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How to Grow Saint Augustine Grass

>> Monday, November 5, 2012




Article from : ezinearticle.com

Causes Of Thatch In Saint Augustine Grass  By Wade Garrett 

The thatch layer in St Augustine grass is one of its greatest drawbacks. Over the years as this thatch layer continues to increase in thickness, we will begin to find our turf is slowly rising higher and higher above the pathways surrounding our lawns. Its something which all homeowners of this grass type have always complained about, so what are the causes of excessive thatch in St Augustine grass, and what can we do to prevent it?
Saint Augustine grass is prone to this heavy thatching, so if we're going to use this turf type as a home lawn, then we should understand that we're going to have to expect to be dealing with its thatch layer in one way or another over the life of the lawn.
This grass is quite unique amongst the warm season grass types, in that it doesn't have underground runners called rhizomes. Instead, this lawn type only has above ground runners, which are called stolons. It is these thick stolons which grow above the soil level which make up the majority of thatch and the reason for the thatch occurring so dramatically in St Augustine lawns.
Apart from the natural inclination of this lawn type to thatch heavily, we also have one major factor involved in how we look after this grass type, and most importantly where we choose to grow this sod, which will in turn increase of decrease the incidence of excessive thatch in these lawns.
The biggest factor above all others when it comes to causes of thatching, is whether we grow Saint Augustine grass in the sun or the shade. St Augustine is predominantly a shade type grass, which excels at growing in partial shade levels of up to 70%, whereas other grass types such as Bermuda grass would otherwise just drop dead from lack of sun.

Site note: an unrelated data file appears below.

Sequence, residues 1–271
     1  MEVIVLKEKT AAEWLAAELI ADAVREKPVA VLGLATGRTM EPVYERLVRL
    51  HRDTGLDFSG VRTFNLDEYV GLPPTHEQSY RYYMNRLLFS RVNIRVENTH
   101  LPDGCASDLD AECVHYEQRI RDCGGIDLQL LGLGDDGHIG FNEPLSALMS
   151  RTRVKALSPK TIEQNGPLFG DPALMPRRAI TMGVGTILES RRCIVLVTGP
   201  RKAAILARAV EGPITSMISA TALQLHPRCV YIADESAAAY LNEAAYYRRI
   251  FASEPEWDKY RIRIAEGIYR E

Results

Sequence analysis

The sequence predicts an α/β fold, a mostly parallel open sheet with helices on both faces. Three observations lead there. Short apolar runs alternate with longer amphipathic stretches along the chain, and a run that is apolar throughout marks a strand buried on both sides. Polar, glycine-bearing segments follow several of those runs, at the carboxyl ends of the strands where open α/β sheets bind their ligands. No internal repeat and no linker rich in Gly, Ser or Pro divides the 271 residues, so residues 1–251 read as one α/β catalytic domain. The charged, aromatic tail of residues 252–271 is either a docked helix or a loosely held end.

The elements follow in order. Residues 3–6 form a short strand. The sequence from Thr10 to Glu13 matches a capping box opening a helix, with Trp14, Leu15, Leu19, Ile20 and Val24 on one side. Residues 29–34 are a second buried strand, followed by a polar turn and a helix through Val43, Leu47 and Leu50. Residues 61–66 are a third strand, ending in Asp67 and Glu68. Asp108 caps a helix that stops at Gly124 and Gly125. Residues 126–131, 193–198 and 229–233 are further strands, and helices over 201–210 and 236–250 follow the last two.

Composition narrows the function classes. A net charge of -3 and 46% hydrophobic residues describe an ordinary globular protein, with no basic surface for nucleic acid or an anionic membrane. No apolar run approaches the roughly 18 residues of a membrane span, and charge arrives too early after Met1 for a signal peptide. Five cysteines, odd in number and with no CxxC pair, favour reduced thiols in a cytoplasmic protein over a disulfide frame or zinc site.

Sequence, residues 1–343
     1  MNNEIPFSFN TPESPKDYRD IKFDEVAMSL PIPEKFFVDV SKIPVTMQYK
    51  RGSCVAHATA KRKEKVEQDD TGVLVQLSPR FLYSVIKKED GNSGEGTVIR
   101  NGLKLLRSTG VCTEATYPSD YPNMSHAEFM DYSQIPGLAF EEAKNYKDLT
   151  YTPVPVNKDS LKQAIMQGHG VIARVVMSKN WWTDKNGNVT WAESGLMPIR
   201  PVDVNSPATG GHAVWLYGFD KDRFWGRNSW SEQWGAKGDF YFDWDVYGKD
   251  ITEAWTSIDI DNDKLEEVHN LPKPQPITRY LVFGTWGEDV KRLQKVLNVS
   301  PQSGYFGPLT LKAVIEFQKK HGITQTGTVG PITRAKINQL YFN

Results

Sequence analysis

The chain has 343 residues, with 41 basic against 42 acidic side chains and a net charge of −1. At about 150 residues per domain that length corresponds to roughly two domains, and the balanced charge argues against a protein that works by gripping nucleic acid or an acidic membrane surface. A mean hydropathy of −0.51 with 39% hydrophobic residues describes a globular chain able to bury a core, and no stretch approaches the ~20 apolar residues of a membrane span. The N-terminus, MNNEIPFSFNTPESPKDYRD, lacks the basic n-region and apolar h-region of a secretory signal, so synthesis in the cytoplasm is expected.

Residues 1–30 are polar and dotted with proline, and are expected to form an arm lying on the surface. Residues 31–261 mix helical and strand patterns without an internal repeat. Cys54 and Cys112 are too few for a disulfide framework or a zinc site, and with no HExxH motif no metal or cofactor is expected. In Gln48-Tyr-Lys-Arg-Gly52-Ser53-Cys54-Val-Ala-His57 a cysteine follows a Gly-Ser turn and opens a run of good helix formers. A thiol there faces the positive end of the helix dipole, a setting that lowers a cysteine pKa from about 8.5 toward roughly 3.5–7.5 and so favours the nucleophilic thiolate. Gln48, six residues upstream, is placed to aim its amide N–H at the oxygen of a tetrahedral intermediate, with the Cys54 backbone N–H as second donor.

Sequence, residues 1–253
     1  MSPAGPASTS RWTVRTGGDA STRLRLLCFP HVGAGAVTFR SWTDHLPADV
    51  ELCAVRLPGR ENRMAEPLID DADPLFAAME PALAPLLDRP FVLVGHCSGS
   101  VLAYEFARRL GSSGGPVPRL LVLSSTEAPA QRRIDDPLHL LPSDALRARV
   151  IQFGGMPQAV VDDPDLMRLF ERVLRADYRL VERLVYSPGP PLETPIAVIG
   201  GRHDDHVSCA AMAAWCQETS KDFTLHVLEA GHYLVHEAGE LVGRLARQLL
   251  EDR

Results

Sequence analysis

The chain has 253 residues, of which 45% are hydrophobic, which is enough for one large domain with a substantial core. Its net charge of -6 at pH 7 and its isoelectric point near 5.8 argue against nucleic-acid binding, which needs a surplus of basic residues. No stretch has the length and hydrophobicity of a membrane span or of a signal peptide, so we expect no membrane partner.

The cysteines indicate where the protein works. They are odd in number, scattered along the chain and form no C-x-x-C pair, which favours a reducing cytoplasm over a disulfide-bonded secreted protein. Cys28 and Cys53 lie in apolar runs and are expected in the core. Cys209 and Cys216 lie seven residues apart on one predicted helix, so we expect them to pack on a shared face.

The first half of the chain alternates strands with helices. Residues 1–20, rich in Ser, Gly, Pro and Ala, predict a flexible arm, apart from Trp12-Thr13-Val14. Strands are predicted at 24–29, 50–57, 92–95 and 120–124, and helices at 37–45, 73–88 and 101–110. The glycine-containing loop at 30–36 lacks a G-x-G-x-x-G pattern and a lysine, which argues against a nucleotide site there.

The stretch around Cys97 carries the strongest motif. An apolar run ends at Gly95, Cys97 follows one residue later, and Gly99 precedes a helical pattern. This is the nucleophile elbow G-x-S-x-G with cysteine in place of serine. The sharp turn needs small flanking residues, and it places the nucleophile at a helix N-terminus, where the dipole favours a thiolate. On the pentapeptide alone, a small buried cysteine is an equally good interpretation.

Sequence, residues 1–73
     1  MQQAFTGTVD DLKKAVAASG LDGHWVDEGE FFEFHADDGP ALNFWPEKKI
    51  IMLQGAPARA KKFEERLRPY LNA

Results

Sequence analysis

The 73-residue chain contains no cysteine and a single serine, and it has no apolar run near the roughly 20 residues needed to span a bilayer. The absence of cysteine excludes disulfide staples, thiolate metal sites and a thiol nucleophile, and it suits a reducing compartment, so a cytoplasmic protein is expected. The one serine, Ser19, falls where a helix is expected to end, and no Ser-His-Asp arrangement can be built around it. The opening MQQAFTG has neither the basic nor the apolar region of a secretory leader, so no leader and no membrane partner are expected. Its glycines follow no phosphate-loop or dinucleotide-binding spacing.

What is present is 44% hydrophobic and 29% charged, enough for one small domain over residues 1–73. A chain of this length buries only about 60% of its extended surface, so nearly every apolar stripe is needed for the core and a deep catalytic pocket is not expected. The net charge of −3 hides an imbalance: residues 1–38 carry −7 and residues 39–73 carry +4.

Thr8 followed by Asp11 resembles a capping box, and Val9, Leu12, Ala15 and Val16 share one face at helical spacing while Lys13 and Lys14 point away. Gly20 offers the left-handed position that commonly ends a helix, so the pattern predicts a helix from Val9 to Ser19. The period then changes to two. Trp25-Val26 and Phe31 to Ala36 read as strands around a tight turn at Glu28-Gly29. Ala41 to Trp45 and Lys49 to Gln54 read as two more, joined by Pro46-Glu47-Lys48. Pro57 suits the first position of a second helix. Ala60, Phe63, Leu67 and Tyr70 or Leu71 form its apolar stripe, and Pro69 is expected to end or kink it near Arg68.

These lawn types also do their very best when grown in these partially shaded environments. And when we grow these lawns in these partial shaded conditions, the turf will natural develop far less thatch. In fact, the thatching of St Augustine grass when grown in partial shade is often negligible, and may not even need any treatments to control thatch in these conditions whatsoever.
However, once we begin growing Saint Augustine grass in full sun, it will be in these growing environments that we will see thatching get to its worst levels. Independent studies into St Augustine grass being grown in Australia recently proved that thatching in St Augustine lawns is substantially worse in full sun, than when this grass is grown in its favourite position in the yard, which is in partial shade.
With these important considerations in mind, if we're wanting to grow St Augustine grass as a home lawn, and to enjoy all the wonderful benefits this lawn provides, then we should also pay careful attention to where we intend to plant this lawn type, before it goes into the ground, while thinking to the future maintenance and care of our St Augustine lawns with careful planning and consideration.
Wade Garrett is a turf professional with over 10 years experience in the field of lawn care. With these many years of experience, backed up by training and ongoing research. Wade now shares his knowledge with readers on The Buffalo Lawn Care Site, where all matters of Buffalo lawn care are discussed, such as Controlling Armyworm In Buffalo Grass, and the highly respected Buffalo Grass Review, plus discussions of all other aspects of this specialised field of lawn care.

Article Source: http://EzineArticles.com/7361655


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